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Smartphone Telemedicine: A Novel Workflow for Creating Prosthetic Sockets Using Semi-automated Photogrammetry
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  • Isaac A. Cabrera ,
  • Zhaoliang Zheng ,
  • Patricia Castillo ,
  • Eric Ngo ,
  • Sebastian Troncoso ,
  • Win-Ying Zhao ,
  • Niyonika Sheth ,
  • Connie Gean ,
  • Jan Hsiao ,
  • John Vincent Laxa ,
  • Joseph Martin ,
  • Marc A. Meyers ,
  • Joanna M. McKittrick ,
  • Ramesh R. Rao ,
  • Albert Y. Lin
Isaac A. Cabrera
University of California San Diego

Corresponding Author:[email protected]

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Zhaoliang Zheng
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Patricia Castillo
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Sebastian Troncoso
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Win-Ying Zhao
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Niyonika Sheth
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Connie Gean
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Jan Hsiao
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John Vincent Laxa
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Joseph Martin
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Marc A. Meyers
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Joanna M. McKittrick
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Ramesh R. Rao
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Albert Y. Lin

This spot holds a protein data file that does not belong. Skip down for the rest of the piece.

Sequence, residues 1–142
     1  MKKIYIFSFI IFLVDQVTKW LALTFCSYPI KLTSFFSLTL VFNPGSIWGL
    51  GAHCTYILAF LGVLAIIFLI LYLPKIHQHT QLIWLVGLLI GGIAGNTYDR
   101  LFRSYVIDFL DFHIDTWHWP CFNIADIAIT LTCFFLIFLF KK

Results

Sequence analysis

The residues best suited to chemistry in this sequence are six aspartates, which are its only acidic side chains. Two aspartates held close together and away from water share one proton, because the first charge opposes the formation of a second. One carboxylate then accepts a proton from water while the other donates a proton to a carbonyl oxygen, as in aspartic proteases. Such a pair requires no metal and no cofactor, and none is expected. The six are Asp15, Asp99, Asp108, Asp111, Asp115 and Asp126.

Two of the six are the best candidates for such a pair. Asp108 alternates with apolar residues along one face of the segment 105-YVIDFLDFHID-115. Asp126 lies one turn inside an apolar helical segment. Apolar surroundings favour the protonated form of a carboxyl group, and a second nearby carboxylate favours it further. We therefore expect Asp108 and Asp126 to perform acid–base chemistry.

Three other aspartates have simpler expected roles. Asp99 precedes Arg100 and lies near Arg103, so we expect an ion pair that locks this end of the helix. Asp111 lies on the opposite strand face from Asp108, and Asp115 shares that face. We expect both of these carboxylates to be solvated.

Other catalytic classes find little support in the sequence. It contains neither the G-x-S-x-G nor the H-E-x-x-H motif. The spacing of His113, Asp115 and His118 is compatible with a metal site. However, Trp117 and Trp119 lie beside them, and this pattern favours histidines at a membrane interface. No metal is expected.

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Abstract—Recent trends in the field of prosthetic technology are shifting towards all-digital approaches. These digital technologies have the potential to augment the current models of clinical healthcare and reach more amputees than currently possible. Unfortunately, most of the equipment needed to design and build digitally shaped prostheses is expensive or requires a high level of expertise. Objective: This paper developed several methods to enable the digital fabrication of prostheses using only low cost tools that do not require extensive specialized training. Methods: The authors built a cell phone application in Android Studio that enables automated collection of image data which can be rendered into accurate 3D-models using photogrammetry on a remote server. They then developed a new protocol to shape these residual limb models into functional prosthetic sockets using the freely available software Autodesk Meshmixer. Results: Finally, the authors ran a case study where they rectified a prosthetic socket for an amputee and compared this model to a socket built by a clinician. Conclusion: This case study showed that these new methods can successfully create accurate and functional prosthetic sockets. Significance: By leveraging ubiquitous low cost smartphone technology, the authors believe that amputees in underserved areas, who currently face large barriers both in cost and physical access to proper care, could soon be able to obtain affordable prosthetic limbs.